The Reality of Hospital Baby Switching

Babies in a hospital nursery

The Image Bank / Getty Images

Baby switching is a horrible thing. All those months you dream of holding your baby, it's hard to imagine coming home with a baby other than your own. It is important to note that there is no real way to know how many babies might be switched every year.

In order to combat that fear, some hospitals offer high-tech ways to keep your baby from being switched. They use footprinting, banding, tags that beep (like you find on leather coats in stores), personnel who wear identifying uniforms and nametags, and more. Be sure to ask on your hospital tour what your hospital does to help ensure this doesn't happen. You can also minimize time spent apart from your baby.

Room In With Your Baby

Rooming in with your baby prevents your baby from leaving your side without your blessing. It ensures that you always know where your baby is at all times. It also allows you the most sleep, a chance to learn more baby care techniques from the staff, and get to know your baby sooner.

Some hospitals even offer Labor/Delivery/Recovery/Postpartum (LDRP) rooms, where you spend your entire visit in the same room.

Have Baby Examined in Your Room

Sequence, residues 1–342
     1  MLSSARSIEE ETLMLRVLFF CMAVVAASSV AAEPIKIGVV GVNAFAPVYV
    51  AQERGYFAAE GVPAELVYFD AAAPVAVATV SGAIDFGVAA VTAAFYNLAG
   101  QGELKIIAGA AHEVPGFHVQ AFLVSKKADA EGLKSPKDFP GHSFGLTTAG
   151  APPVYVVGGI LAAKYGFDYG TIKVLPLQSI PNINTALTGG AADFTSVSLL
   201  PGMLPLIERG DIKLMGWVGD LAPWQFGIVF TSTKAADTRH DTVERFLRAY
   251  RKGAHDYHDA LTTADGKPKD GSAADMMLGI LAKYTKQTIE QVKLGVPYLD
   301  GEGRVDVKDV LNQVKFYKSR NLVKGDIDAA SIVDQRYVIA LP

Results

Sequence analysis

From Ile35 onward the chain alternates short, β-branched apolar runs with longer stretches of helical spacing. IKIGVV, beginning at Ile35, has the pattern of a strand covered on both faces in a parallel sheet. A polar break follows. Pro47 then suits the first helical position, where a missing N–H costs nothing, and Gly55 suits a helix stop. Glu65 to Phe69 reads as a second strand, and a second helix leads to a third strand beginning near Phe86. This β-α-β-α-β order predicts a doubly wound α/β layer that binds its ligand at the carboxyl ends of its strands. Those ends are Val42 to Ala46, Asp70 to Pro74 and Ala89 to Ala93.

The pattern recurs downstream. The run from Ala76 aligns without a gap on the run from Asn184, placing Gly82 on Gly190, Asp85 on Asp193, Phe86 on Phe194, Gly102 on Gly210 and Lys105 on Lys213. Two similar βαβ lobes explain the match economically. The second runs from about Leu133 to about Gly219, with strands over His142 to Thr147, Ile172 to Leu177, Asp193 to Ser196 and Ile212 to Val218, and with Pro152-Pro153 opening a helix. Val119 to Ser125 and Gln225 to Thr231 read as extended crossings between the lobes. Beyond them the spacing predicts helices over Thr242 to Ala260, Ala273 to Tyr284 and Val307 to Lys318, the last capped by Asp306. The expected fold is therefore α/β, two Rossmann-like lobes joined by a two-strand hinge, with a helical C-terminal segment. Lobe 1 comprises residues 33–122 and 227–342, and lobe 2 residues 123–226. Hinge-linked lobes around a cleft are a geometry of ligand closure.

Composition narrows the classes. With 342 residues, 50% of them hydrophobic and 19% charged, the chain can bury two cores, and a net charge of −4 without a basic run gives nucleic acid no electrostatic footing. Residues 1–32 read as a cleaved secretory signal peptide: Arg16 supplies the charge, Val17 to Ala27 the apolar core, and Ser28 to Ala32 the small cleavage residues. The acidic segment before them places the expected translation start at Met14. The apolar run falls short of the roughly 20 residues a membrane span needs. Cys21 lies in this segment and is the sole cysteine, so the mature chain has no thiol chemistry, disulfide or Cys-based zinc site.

Ask your pediatrician to do any baby exams or simple procedures in your postpartum room. This lets you watch the exam and ask questions as they arise. While you may have time for questions later, most moms and dads find that they have more questions and a better understanding when it's done in conjunction with the exam. Sometimes even just—what's that test for?

Go With Baby 

If your baby has to go anywhere, go with your baby. If you are unable to go with your baby, be sure that someone does go with your baby like your partner. This means that your baby never leaves your sight and allows you to have a say over tests, procedures, and even minor-seeming details about your baby's hospital stay.

Check ID Tags 

If for some reason you and your baby are separated, be sure to ask to see the baby's name tags before your baby leaves and when your baby returns. You should also ask to see the official ID tag of the person requesting the baby.

Note Special Qualities of Baby 

You should also make a mental note of what your baby looks like. This can be helpful in identifying your baby. This isn't always possible, but something to note might be how much hair, birthmarks, etc.

A Word From Verywell

This likelihood of your baby being switched is very small, but it doesn't take massive amounts of technology to protect your baby. Listening to moms and watching the babies are all that is really needed.

By Robin Elise Weiss, PhD, MPH
Robin Elise Weiss, PhD, MPH is a professor, author, childbirth and postpartum educator, certified doula, and lactation counselor.